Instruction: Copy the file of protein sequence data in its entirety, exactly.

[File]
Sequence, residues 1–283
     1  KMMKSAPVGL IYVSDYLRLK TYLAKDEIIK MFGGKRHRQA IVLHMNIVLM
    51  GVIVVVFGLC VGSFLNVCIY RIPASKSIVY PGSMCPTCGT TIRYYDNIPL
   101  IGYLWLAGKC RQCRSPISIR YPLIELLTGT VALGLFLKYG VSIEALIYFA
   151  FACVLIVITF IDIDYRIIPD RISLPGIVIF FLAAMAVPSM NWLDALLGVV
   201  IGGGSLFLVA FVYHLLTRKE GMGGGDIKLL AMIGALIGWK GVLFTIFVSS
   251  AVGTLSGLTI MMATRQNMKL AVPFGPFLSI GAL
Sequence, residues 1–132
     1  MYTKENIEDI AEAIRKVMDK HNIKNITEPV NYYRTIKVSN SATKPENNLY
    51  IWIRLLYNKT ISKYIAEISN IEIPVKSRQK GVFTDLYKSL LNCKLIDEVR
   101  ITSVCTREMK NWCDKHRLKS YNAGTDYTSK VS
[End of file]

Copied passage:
Sequence, residues 1–283
     1  KMMKSAPVGL IYVSDYLRLK TYLAKDEIIK MFGGKRHRQA IVLHMNIVLM
    51  GVIVVVFGLC VGSFLNVCIY RIPASKSIVY PGSMCPTCGT TIRYYDNIPL
   101  IGYLWLAGKC RQCRSPISIR YPLIELLTGT VALGLFLKYG VSIEALIYFA
   151  FACVLIVITF IDIDYRIIPD RISLPGIVIF FLAAMAVPSM NWLDALLGVV
   201  IGGGSLFLVA FVYHLLTRKE GMGGGDIKLL AMIGALIGWK GVLFTIFVSS
   251  AVGTLSGLTI MMATRQNMKL AVPFGPFLSI GAL
Sequence, residues 1–132
     1  MYTKENIEDI AEAIRKVMDK HNIKNITEPV NYYRTIKVSN SATKPENNLY
    51  IWIRLLYNKT ISKYIAEISN IEIPVKSRQK GVFTDLYKSL LNCKLIDEVR
   101  ITSVCTREMK NWCDKHRLKS YNAGTDYTSK VS